But, but using the matching approach is, is not only the regression is very robust, but taking it to another level of statistical matching, um, you know, it'd be great to say, Oh, well, people use the rec center and that cause is good as grades, but that's not what this type of study is able to do this type of thing.

Set up and methods and using this type of secondary data is able to do, we're just able to look at, is there a relationship? And in fact there is. And to what extent is that relationship? What's the magnitude of the relationship and we measure the magnitude in this case, we're looking at well, we looked at GPA and retention, but the study we published just recently looks at retention that first year retention.

So we looked at first time freshmen, um, because the majority of dropouts that occur happen within that first year, um, In that, that first group. And, um, and then we just looked at the first year retention as the outcome. Okay. And so what were the overall results? You've kind of hinted at it, but

yeah, there is a positive, there's a positive relationship. It's positive and significant relationship between facilities, recreation, facilities, and retention and GPA. Um, including, uh, the, and this is where I give the range. So basically 7.1 to 8.4, so seven to eight percentage points, higher retention for those full time.

First time undergraduate users. Wow. Which is a great result to say in comparison to the non-users. Yeah. That is a great result. Any other comments on that? Or. Just that, you know, for someone it's been a long time since I was involved in statistics classes. Um, and so. Yeah, context matters. Seven, eight, uh, uh, points is, is huge.

Um, and we, we look at initiatives on campus where we're, we're turning over every stone to try to find like a 1%, um, uh, increase and seven, eight. Is is, is huge. That was, uh, super exciting. And you know, every, every day is Sarah has been working on this for the last few years and she come run down the hall and say, Hey, I found something else new.

It's just, it's exciting. And, and, uh, I don't know that that. Continues to bubble up in me where I'm like, yeah, seven to eight. That's awesome. Anyway, cartwheels in the hall kind of exciting, but maybe that's what you do at rec centers. When you get excited, it's a huge, even 1% is a big deal at tuition driven institutions.

And especially in this era where we're focused on retention. But another big thing is that this is only looking at student rec center use. It's not looking at. Um, club or intramural sports, we have a huge impact there and likely, um, actually I've done some initial analysis and a stronger impact if you're thinking about sense of belonging and things that contribute to retention.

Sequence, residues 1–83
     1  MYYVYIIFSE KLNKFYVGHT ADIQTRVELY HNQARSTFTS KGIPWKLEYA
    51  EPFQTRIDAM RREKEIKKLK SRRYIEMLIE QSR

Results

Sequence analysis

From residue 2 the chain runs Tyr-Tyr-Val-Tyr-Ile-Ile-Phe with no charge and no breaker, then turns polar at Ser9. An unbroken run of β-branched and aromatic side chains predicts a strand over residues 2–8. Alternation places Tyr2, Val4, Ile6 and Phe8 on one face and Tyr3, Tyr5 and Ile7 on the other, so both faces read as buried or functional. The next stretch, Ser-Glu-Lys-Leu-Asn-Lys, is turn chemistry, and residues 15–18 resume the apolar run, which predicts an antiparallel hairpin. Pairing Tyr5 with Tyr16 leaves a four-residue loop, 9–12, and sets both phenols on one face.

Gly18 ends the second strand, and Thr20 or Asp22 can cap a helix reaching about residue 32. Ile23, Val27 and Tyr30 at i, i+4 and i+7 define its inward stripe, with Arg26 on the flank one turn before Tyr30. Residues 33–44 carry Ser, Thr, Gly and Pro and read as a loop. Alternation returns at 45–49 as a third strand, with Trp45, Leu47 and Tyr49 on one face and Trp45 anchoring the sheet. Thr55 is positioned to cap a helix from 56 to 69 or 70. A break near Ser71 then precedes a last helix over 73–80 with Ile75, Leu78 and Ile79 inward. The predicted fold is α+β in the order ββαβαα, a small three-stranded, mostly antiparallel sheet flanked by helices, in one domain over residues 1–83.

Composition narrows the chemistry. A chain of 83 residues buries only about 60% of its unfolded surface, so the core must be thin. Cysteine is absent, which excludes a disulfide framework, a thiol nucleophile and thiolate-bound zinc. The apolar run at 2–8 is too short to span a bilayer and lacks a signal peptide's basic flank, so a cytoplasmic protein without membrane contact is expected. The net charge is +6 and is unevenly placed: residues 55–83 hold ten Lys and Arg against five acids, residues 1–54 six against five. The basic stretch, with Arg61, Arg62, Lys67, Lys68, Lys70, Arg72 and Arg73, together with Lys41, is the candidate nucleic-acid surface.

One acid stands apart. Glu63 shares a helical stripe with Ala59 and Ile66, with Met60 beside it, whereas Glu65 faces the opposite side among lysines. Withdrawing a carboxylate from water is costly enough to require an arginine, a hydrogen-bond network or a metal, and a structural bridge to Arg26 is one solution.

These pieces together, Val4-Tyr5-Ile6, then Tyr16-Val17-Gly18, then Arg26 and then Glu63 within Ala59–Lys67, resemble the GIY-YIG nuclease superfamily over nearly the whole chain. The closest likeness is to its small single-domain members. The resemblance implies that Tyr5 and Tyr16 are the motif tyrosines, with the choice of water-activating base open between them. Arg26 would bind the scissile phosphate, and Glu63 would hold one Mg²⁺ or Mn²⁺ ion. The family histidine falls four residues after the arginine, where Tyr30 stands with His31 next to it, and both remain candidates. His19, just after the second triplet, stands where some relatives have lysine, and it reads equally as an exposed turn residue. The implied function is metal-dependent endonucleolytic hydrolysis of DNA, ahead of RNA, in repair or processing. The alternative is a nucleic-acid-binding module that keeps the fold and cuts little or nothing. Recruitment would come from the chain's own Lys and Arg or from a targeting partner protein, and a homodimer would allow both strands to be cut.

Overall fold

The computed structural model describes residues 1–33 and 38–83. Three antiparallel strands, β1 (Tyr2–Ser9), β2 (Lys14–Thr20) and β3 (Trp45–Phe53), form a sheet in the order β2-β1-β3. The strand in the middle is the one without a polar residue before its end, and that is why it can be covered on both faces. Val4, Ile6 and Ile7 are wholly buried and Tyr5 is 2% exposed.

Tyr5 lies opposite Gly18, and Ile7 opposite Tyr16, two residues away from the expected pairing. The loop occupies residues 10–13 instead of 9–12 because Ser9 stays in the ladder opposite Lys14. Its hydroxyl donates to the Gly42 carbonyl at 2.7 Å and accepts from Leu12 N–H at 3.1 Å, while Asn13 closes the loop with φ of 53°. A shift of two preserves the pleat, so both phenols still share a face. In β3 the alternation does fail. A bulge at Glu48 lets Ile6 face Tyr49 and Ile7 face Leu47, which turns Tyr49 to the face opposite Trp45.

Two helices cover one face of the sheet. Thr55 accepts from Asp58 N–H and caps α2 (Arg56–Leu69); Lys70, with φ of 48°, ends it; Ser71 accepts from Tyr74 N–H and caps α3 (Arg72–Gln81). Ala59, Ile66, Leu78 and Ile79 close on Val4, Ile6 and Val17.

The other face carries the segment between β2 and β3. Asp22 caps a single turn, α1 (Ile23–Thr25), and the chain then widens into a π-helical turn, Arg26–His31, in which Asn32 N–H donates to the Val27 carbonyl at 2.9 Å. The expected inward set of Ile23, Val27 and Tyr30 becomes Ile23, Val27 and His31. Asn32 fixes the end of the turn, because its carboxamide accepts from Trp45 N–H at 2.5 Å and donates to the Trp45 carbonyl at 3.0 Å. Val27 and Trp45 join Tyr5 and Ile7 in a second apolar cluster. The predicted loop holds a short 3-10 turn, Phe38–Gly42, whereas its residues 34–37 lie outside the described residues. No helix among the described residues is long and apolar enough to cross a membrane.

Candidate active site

Um, but also these are just first time freshmen so that we looked at in the study. So really what's unique. And a lot of people have done studies looking at first time, freshmen retention, and they're looking at like a program. Maybe that serves 40 people, maybe that serves, you know, the honors college has a very high rate of retention, but the amount of people that we spent that that group serves is very small in comparison to what we have in campus rec.

We're supposed to be serving not only first time freshmen, but the entire student body, the entire faculty staff, and even in some cases, the community. So we have a huge charge. And so any the fact that, yeah, this is, this is. I think finding it is a, and so what are the implications for this study moving forward?

Like, do you plan to look at perhaps second year students, third year students or on their attention, or what are you going to do with the results? I think to stay on this scope is the scope. These findings are huge within this really narrow scope. And I think it really shows the importance.

Oh, I lost my train of thought, Andy, while she tries to find it. Did you have any comments on the implications of this study? Yeah, I do. I think we, what we would ideally like to do is continue to follow more than. Then that first year retention, but also persistence as the students progress year to year.

And then with, with enough data to look at graduation rates, or are we able to look at that as, as an effective predictor? You know, to what extent there's, there's, there's a corollary there. Um, also looking at the impact, the, one of the things that is. As soon to come online is Reynolds hall, which is the new BNB complex.

Um, uh, that's that's being built downtown we'll will essentially be a tenant in that space about, uh, 8,500 square feet of, uh, weight and fitness space in that building. We know one of the things that impacts. How well we serve our students is where, where they live. So they spend most of their time downtown.

We know they're less likely to be one of our regular users and some of that's just the way we believe just the logistics of getting to us. So we're going to change and I'm delighted that we're going to, but we're going to change one of the variables in that just by adding more, uh, facility space downtown.

And so that that'll take a little while to see if there's an impact there, but. That's I find it interesting. I think that that's something that we can look at, um, to what extent are we are able to impact those folks. And can we do comparative data between the two facilities and that somebody spent more time in one or the other?

One of the things that I like is. Doing all the what if stuff? And then you try and run the analysis. You're like, man, that didn't tell us anything or, Oh, that's interesting, but we don't understand it. So let's look at something else. Um, so anyway, I think there's there, there's a whole lot of other pieces and we're going to keep Sarah as busy as possible.

Well, this study is from three years of data. Um, and so three different cycles of fresh first-time undergraduate students. And, and it also is from business as usual. So we haven't done anything specifically related to increasing the retention or. Or any we haven't focused on. So now we have a baseline, basically.